One obstacle is that there is no standard template for a cash flow forecast. As Mukopi explains, it’s essential that the person in treasury who is responsible for cash management or liquidity management fully understands the “cash language” in that organisation. “If it’s a business entity that generates cash, you need to know what your cash generation model is,” he says. “If it’s an NGO you need to know your sources of cash and the timings so that you can model how cash moves around the organisation. If you don’t fully understand the pattern of this movement, any forecast you make will be missing key information.”
When it comes to creating an effective forecast, Mukopi advocates an 80/20 approach, with initial efforts focused on the biggest risks associated with cash and the possible impact on the overall cash position if specific cash streams fail to materialise. “Once you identify the biggest risks, it is easier to isolate them and use them as the building pillars of the model,” he explains. “Then the rest of the process involves looking at areas which bring less of an impact if they fail and improving the accuracy of those areas.”
That said, Mukopi notes that cash flow forecasting is a continuous improvement process, because companies will never get it right the first time – “you may start at 60%, move up to 70% – and then over time discover that you have reached 90% accuracy levels.”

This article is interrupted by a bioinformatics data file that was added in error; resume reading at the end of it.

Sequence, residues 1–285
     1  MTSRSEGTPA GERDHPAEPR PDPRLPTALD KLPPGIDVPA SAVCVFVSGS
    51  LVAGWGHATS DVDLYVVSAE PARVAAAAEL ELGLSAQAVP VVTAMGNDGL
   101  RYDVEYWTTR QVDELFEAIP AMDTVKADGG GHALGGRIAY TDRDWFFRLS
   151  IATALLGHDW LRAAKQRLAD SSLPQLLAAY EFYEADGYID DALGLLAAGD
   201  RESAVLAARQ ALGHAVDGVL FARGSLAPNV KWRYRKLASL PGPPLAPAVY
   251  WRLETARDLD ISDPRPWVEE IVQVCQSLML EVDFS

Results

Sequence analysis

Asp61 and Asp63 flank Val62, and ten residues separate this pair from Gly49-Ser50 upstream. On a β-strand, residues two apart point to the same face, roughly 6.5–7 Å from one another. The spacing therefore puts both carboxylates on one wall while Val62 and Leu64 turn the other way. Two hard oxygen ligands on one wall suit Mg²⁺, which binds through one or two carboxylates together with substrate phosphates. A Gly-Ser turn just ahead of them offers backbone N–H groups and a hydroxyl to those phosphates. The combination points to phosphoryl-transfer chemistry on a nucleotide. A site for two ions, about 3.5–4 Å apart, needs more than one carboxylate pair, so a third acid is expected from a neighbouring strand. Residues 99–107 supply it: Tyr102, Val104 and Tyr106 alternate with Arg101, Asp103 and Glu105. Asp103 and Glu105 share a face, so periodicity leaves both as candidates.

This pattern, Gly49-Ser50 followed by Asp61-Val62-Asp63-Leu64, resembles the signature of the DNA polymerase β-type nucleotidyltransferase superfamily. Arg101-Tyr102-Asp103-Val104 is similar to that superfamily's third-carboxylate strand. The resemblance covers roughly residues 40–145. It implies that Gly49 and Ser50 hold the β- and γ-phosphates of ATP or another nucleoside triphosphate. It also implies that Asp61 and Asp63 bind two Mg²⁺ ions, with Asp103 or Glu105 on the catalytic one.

Aside from the challenges of cash flow forecasting, Mukopi says another area of focus is on building relationships within the organisation as well as external stakeholders. While people often focus on their own specific areas of responsibility, he argues that setting links between departments can go a long way towards working more effectively and ensuring that the organisation has a common goal. “Working alone can never be fruitful,” he says. “For example, when I worked in the electricity business, I had to work closely with the customer services team, which was in charge of looking at debtors, this in turn improved creditors management.”
Meanwhile, Mukopi has had plenty of other tasks to focus on in his current role. From managing FX risk and establishing innovative risk management tools to safe guarding donor funds to strengthening emergency response processes via effective liquidity management, Mukopi has achieved much in a short space of time. He hopes to become an MCT in the near future.
Of course, not everything is plain sailing. Like many treasury professionals, Mukopi is frustrated by inefficiencies within the KYC process – particularly when institutions repeatedly ask for the same documents. “The inflexibility can be unhelpful,” he says. “For example, you might give the bank a certified copy of a passport – and a year later they will come back and ask for the same passport to be certified again. This creates a lot of work which is often not commercially advantageous, especially for humanitarian agencies.”
But despite these challenges, Mukopi is enthusiastic about the benefits of pursuing a career in treasury. His advice for others looking to do the same? “Don’t look back – just go ahead and get started. It’s a dynamic role with new things landing on a daily basis, and the need is there in the market. I may have got here by chance, but I’m glad I landed in treasury.”